One of the questions most often asked of Ag Equipment Intelligence editors is what is the average age of the tractors in use on U.S. farms?
The fact of the matter is no one can say with any certainty. This is because, unlike automobiles and trucks, which must be registered and licensed, the same require¬ments are not applied to off-road vehicles, like farm tractors. While Uniform Commercial Code (UCC) filings track new sales, there are few if any records that follow the vehicle after it passes from the original owner.
At this point, the best we can do is study USDA’s Census of Agriculture, which is conducted every 5 years. Using this data, Ag Equipment Intelligence editors took a look at each of the three horsepower categories of tractors and developed the adjacent table and chart.
Typically, the high horsepower category (row-crop tractors) has been somewhat younger than that of the mid-range and compact tractors. Not surprisingly, the biggest shift in the average age of row-crop equipment was between 2007, when 12.4% of all units were less than 5 years, and 2012, when this percentage jumped to 16.1%.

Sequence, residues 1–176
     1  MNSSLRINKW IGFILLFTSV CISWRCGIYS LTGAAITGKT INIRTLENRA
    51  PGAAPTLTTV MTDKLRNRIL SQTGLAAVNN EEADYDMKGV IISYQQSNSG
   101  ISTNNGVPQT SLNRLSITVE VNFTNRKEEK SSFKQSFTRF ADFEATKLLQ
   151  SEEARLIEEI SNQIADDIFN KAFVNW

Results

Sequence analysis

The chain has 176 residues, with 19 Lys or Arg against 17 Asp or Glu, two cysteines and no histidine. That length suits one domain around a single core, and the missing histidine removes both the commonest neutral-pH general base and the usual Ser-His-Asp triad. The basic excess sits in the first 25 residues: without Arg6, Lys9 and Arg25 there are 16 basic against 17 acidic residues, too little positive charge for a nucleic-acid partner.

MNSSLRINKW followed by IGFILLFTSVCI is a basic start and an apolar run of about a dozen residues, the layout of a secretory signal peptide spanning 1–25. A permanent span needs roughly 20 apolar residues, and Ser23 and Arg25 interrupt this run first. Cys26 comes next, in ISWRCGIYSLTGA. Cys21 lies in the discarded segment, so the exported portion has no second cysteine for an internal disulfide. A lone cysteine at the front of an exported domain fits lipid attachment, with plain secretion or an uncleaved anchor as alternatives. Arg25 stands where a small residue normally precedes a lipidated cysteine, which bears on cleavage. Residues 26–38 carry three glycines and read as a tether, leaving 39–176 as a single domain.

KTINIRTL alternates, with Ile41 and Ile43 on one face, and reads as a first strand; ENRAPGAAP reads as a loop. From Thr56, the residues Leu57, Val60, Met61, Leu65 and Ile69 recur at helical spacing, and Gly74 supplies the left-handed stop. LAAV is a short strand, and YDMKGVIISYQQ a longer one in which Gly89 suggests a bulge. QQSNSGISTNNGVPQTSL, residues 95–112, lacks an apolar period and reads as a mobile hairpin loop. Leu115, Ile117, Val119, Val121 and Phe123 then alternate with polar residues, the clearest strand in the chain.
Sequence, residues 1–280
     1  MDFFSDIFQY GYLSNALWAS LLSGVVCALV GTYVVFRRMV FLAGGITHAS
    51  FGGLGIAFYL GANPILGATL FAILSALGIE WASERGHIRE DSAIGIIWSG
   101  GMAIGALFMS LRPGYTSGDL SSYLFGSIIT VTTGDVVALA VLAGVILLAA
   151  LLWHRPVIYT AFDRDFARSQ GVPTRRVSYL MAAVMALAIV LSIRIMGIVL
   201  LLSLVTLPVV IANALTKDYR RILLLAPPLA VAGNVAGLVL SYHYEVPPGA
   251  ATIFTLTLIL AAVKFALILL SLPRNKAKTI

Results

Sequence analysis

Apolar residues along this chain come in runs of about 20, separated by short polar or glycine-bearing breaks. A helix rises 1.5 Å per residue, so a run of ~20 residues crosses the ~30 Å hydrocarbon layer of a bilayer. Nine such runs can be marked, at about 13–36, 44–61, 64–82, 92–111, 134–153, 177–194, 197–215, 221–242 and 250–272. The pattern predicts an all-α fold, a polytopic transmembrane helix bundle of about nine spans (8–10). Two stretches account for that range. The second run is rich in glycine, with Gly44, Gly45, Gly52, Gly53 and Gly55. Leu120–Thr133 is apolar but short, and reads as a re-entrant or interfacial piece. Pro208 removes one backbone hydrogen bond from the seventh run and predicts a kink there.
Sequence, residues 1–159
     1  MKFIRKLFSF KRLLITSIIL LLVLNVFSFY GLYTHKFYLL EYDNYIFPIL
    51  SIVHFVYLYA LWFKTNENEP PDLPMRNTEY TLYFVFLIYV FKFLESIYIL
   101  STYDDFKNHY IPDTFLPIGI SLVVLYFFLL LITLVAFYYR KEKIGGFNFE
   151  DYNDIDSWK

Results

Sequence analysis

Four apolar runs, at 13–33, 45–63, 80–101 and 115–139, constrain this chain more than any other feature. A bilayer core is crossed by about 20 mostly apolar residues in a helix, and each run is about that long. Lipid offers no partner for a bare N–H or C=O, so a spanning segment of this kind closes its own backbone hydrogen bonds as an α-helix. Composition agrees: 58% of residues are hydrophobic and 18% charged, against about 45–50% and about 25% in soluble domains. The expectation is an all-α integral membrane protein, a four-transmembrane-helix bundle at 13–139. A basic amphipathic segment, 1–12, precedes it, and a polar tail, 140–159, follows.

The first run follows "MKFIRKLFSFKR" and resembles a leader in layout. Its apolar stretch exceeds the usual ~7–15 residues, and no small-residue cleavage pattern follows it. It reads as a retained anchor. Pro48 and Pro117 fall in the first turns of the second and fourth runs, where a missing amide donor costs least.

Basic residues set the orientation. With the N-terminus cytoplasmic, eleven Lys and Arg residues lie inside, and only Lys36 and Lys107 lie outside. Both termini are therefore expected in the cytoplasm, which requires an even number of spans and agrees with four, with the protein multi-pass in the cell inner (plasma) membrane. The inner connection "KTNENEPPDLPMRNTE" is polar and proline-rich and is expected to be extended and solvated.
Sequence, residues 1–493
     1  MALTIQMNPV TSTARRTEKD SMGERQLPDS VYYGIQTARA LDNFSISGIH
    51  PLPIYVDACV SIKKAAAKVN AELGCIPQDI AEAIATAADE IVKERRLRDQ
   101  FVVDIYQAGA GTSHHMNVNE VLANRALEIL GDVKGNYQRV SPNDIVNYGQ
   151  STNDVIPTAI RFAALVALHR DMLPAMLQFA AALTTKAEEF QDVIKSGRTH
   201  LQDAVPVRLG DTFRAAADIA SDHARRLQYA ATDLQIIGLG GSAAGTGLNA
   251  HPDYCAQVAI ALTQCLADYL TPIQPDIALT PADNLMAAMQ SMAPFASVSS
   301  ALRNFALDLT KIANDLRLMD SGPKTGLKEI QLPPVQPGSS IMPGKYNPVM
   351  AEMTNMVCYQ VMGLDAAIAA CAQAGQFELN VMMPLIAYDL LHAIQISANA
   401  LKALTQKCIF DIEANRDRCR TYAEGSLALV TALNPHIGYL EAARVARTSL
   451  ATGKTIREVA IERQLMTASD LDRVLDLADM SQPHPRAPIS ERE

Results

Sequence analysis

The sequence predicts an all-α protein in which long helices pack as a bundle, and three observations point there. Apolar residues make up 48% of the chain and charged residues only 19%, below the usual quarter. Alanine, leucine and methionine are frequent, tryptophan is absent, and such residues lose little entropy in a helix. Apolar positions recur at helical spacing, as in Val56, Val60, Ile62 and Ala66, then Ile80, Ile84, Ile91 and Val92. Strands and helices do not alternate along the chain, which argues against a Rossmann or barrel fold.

On the other hand, the most notable shift in the average age of both compact and utility tractors during this 20 year period came between 2002-07. In 2002, 8.6% of com¬pact tractors were less than 5 years old, on average. This jumped to 11.1% by 2007, indicating, overall, this category of equipment had gotten younger. By 2012, this percentage dropped back to 8.9%.
The same trend can be noted for utility-type tractors. Overall, 9.2% of this equipment was 5 years of age or less in 2002. This increased nearly 3.5%, to 12.5%, by 2007 and then fell back to 10.8% in 2012.
— Ag Equipment Intelligence, July 2016
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